fluidmech

Fluidmech

Info iconThis preview shows page 1. Sign up to view the full content.

View Full Document Right Arrow Icon
This is the end of the preview. Sign up to access the rest of the document.

Unformatted text preview: ILLE'S EQUATION for LAMINAR FLOW Poiseuille did the original derivation shown below which relates pressure loss in a pipe to the velocity and viscosity for LAMINAR FLOW. His equation is the basis for measurement of viscosity hence his name has been used for the unit of viscosity. Consider a pipe with laminar flow in it. Consider a stream tube of length ∆L at radius r and thickness dr. Fig.2.3 du du =− dy dr The shear stress on the outside of the stream tube is τ. The force (Fs) acting from right to left is due to the shear stress and is found by multiplying τ by the surface area. y is the distance from the pipe wall. y = R − r dy = −dr Fs = τ x 2πr ∆L For a Newtonian fluid , τ = µ du du . Substituting for τ we get the following. = −µ dy dr du dr The pressure difference between the left end and the right end of the section is ∆p. The force due to this (Fp) is ∆p x circular area of radius r. Fs = - 2πr∆Lµ Fp = ∆p x πr2 Equating forces we have - 2πrµ∆L du = − du = ∆pπr 2 dr ∆p rdr 2 µ∆L In order to obtain the velocity of the streamline at any radius r we must integrate between the limits u = 0 when r = R and u = u when r = r. u ∫ du = 0 ∆p rdr 2µ∆L ∫ R r ∆p r 2 − R2 4µ∆L ∆p u= R2 − r 2 4µL ( u=− ( ) ) © D.J.DUNN 10 This is the equation of a Parabola so if the equation is plotted to show the boundary layer, it is seen to extend from zero at the edge to a maximum at the middle. Fig.2.4 For maximum velocity put r = 0 and we get ∆pR 2 u1 = 4 µ∆L The average height of a parabola is half the maximum value so the average velocity is um = ∆pR 2 8µ∆L Often we wish to calculate the pressure drop in terms of diameter D. Substitute R=D/2 and rearrange. ∆p = 32 µ∆Lu m D2 The volume flow rate is average velocity x cross sectional area. Q= πR 2 ∆pR 2 πR 4 ∆p πD 4 ∆p = = 8µ∆L 8µ∆L 128µ∆L This is often changed to give the pressure drop as a friction head. The friction head for a length L is found from hf =∆p/ρg hf = 32 µLu m ρgD 2 This is Poiseuille's equation that applies only to laminar flow. © D.J.DUNN 11 WORKED EXAMPLE 2.2 A capillary tube is 30 mm long and 1 mm bore. The head required to produce a flow rate of 8 mm3/s is 30 mm. The fluid density is 800 kg/m3. Calculate the dynamic and kinematic viscosity of the oil. SOLUTION Rearranging Poiseuille's equation we get h ρgD 2 µ= f 32Lu m πd 2 π x 12 = = 0.785 mm 2 4 4 Q 8 um = = = 10.18 mm/s A 0.785 0.03 x 800 x 9.81 x 0.0012 µ= = 0.0241 N s/m or 24.1 cP 32 x 0.03 x 0.01018 µ 0.0241 ν= = = 30.11 x 10 -6 m 2 / s or 30.11 cSt ρ 800 A= WORKED EXAMPLE No.2.3 Oil flows in a pipe 100 mm bore with a Reynolds number of 250. The dynamic viscosity is 0.018 Ns/m2. The density is 900 kg/m3. Determine the pressure drop per metre length, the average velocity and the radius at which it occurs. SOLUTION Re=ρum D/µ. Hence um = Re µ/ ρD um = (250 x 0.018)/(900 x 0.1) = 0.05 m/s ∆p = 32µL um /D2 ∆p = 32 x 0.018 x 1...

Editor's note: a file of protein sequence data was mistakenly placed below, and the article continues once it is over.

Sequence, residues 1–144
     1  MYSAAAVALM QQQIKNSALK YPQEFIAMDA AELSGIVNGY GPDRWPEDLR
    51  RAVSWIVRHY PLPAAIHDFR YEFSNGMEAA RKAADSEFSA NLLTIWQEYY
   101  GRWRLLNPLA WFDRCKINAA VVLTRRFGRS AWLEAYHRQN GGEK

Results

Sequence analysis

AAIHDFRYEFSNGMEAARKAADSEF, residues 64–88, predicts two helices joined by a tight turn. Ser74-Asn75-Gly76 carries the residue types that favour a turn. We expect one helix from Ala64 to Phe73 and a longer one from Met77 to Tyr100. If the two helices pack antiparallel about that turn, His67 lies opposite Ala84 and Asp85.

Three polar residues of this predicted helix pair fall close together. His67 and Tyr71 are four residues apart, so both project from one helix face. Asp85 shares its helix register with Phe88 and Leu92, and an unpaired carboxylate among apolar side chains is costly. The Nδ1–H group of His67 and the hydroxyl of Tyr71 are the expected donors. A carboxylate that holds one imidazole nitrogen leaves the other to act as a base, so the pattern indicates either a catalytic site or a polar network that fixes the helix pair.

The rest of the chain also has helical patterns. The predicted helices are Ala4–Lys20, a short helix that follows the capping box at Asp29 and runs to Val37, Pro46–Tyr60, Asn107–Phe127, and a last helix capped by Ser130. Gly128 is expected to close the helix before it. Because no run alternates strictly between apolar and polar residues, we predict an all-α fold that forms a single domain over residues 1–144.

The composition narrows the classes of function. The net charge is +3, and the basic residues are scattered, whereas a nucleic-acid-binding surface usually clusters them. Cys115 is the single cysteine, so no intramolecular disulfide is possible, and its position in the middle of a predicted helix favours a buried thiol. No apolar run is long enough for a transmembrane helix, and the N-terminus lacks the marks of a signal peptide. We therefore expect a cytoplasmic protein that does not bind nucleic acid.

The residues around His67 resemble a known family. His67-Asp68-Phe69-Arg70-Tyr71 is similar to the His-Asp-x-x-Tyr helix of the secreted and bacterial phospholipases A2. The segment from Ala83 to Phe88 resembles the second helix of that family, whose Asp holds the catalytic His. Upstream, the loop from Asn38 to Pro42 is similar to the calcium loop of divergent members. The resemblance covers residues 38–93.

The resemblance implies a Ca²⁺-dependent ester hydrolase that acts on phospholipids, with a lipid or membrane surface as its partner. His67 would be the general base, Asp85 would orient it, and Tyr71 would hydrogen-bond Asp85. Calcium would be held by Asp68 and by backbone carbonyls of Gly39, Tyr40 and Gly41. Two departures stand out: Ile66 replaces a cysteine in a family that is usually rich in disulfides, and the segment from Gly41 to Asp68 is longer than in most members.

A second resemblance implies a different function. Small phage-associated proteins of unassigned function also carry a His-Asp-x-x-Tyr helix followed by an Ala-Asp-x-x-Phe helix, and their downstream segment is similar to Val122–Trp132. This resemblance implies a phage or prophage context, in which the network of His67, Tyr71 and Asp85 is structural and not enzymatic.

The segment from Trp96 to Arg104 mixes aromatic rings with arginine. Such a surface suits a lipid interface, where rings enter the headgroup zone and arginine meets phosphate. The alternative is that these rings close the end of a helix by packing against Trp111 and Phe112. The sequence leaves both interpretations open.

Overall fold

View Full Document

This document was uploaded on 02/07/2014.

Ask a homework question - tutors are online